- Travel- Printed out email confirmation of our reservation dates and contact information for the campgrounds we go to most
I only use two printables for this binder- the home maintenance/spring cleaning checklist and a holiday planner for keeping up with Christmas shopping. (Those are direct links to those printables if you would like to check them out).
I just ask for one simple favor… if you found this helpful, can you please share it with your friends?
If I were starting over, I would recommend these steps to building the binder:
- Brain dump all of the things you constantly write in planners or remember from month to month.
- Start putting papers you constantly touch into one of the sections without labeling them (yet).
- Build the binder as you go to make it work for you and your family!
Other related FAQ’s:
Home binder apps
Some people do all of their home management with their phone and apps. I’m all for minimizing a paper trail but I just haven’t completely crossed over to all digital tools for home management.
I do use Notes and Google Calendar. I’ve heard many people recommend Evernote and Trello… I’m sure these are great tools and there will be other digital options in the future.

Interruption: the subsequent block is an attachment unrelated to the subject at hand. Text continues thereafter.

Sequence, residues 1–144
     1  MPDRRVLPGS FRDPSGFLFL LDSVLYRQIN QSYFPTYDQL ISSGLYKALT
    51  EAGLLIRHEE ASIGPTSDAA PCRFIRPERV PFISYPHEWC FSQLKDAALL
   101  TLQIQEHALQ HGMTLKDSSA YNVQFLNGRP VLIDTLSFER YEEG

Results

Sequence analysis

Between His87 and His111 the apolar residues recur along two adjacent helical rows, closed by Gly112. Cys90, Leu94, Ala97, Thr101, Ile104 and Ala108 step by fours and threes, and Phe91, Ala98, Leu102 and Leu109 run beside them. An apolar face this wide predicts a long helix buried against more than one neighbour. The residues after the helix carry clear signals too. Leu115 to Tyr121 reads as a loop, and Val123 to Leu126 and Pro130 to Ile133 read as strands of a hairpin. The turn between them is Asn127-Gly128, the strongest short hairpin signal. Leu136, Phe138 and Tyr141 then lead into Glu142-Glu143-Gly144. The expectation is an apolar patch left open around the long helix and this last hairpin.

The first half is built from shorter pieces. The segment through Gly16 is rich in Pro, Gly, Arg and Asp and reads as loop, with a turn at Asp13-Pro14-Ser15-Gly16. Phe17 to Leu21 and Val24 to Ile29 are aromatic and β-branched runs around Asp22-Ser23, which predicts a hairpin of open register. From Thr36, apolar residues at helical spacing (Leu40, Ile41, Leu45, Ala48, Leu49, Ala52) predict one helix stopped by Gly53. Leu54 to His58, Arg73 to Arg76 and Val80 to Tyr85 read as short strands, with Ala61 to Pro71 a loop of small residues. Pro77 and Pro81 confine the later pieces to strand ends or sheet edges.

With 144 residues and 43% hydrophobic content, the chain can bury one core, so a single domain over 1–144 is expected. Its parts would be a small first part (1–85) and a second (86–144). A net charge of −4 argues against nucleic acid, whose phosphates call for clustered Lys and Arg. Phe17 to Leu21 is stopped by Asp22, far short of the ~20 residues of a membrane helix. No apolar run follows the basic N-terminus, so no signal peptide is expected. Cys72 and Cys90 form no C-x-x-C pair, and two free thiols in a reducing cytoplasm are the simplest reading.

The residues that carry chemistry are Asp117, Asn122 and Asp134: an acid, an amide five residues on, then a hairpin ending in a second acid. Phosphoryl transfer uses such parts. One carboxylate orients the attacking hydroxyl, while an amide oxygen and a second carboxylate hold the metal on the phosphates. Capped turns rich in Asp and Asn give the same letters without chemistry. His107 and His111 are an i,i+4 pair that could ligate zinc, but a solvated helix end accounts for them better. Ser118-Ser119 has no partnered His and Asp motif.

For now, I’m using what works and this system involves a minimal paper trail.
Printables for binders
There are a ton of free home management binder printables on the Internet but the problem is that they’re not always functional for your family. My advice would be to start with what you need and fill the voids as you continue to build the binder over time.
Planner tab categories
These categories and information will be different for every family and situation. For example, we have one school-aged child but I don’t keep up with school information here whereas someone else may need a section for school papers.
This system would look different for empty nesters, singles or blended families but the principles of home management stay the same.
Building an evergreen home management binder is like putting a puzzle together so that you don’t have to waste time figuring out what needs to be done or where to find things.
It gives you a plan so you don’t have to spend time thinking about the same things over and over. It makes you feel less pressured and more productive. It brings a sense of peace to know important information is ready when you need it.